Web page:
In order to study critical properties, we need to apply the finite size scaling theory. This is a commonly used technique in computational physics [21]. As we are investigating the scaling behaviour of dynamic properties, the temporal size is given by the observational time . In fact, we can see from the definition given by the Equation (2) that it is analogous to the spatial system size when the equilibrium thermodynamic free energy is defined. Of course, in our simulations we have to use a system with finite spatial size, i.e. the number of spins . We have observed that the behaviour of the system is very sensitive with respect to the length of the trajectories (much more than to the length of the chain). In order to have a consistent analysis of the finite size effects, we have chosen to study the behaviour considering as the scaling parameter, so that the lattice size is set to fixed value.

It is worth mentioning that the dynamic evolution of the this system can be described with a time evolution operator, which is equivalent to a quantum Hamiltonian. From this point of view the length () of the trajectories is equivalent to the inverse of the temperature , as in the associated quantum problem discussed in [17] (so that ). It is well known that there is a mapping between the classical 2 Ising model and the quantum Ising chain [22]. From this mapping we know that the inverse of is equivalent to the size in one spatial direction in the 2 Ising model (that is ). Therefore we conclude that in our problem is equivalent to a linear size in the classical 2 Ising model (i.e. ). According to this we assume that the finite size effects are given by the same well known relationships used for the thermodynamic 2 Ising model, where we now replace with .

To determinate the critical temperature of a continuous phase transition we can use the peak of the susceptibilities. According to the previous discussion we expect that susceptibilities have the scaling forms given by [21]

(10) |

where is the exponent that characterizes the divergence of the susceptibility and the length correlation exponent. Furthermore, the location of the peaks define an effective size-dependent transition temperature which is expected to vary as

(11) |

As it is showed in the figure 1, we can use an -fixed curve or an isothermal one in order to reach the critical point, and therefore the scaling given by the Equation (11) is expected in terms of or in terms of , respectively.

Figure 2 shows the simulation results for a fixed value of and varying the temperature . We have chosen the value of as , which correspond to at as given by Equation (9). We define the generalized susceptibility of the energy by means of

(12) |

In figure 2(a) we plot as a function of the temperatures and for different trajectory lengths . We used a lattice size , and the averages were taken over realizations of single trajectories. Peaks close the critical point are clearly observed, which sharpen, as the system size is increased (i.e. ). We have used the location of these peaks as the definition of a size-effective “critical temperature” .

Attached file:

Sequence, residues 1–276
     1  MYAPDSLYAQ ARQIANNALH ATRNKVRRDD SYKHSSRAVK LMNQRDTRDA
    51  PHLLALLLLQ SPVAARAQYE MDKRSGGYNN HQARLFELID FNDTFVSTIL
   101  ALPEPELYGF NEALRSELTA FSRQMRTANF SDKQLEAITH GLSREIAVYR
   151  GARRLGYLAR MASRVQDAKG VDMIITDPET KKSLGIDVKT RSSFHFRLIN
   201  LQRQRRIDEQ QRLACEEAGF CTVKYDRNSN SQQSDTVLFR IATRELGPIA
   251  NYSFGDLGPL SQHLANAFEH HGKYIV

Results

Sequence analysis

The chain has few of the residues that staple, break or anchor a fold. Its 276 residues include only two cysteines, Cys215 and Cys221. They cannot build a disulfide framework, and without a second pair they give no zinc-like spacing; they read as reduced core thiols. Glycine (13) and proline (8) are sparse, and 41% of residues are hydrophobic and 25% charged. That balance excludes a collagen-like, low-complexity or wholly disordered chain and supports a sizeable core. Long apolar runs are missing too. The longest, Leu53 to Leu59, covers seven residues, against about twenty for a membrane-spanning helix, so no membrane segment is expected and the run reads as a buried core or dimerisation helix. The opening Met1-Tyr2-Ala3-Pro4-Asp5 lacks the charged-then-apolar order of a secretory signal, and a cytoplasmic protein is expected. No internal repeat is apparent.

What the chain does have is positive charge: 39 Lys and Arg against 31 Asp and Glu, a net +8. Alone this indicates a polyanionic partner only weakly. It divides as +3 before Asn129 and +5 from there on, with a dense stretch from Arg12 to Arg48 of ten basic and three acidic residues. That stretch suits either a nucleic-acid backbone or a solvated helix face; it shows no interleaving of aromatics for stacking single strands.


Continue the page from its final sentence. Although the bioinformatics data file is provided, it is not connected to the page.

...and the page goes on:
Figure 2(b) shows the effective critical temperature as a function of the inverse of the trajectory length . We can see that the behaviour is compatible with Equation (11) taking an exponent corresponding to the 2 Ising universality class. The continuous line is given by the linear fit of the data. From this our extrapolated estimated value for the critical temperature is , and it is consistent with the theoretical value given by Equation (9). Also, figure 2(c) shows the value of the susceptibility measured in figure 2(a) for and different sizes in log-linear scale.

As the dynamical free energy must have the same critical properties as the thermodynamic free energy of the 2 Ising model, its second derivative must be analogous to the behaviour of the specific heat. In fact it can be shown that the second derivative of has a logarithmic divergence when the critical point is approximated [17]. Figure 2(c) shows that a logarithmic behaviour is observed, which means that Equation (10) holds with an exponent , according to the previous sentences.

As we have already indicated, the critical behaviour can also be accessed by choosing a constant temperature and considering different values of the biasing field . In figure 3(a) we plot the susceptibility of the activity , given by the Equation (5), versus with fixed . The observed behaviour is analogous to the energy fluctuations. Again the value of the critical can be extrapolated making use of Equation (11), but in this case using the biasing field instead of . In figure 3(b) we plot the effective critical and the linear fit gives us an estimate of the critical field, that is . Once again this result is consistent with . Also figure 3(c) shows the susceptibility for in a log-lineal scale. We observe again that the Equation (10) is valid with a logarithmic divergence of the susceptibility of the activity, that means .

So far a complete equivalence, in the critical behaviour, between the biasing field and the inverse of the temperature is observed. Also, similar results are obtained when studying finite size effects of the fluctuations of (or ) with respect to (or ).

Let us now consider the system in the presence of an external magnetic field , which couples to the spins of the chain according to Equation (6). We have studied the Ising Glauber chain with the magnetic field close to the critical point.

We remark that the magnetic susceptibility of the 2 Ising model is given by

(13) |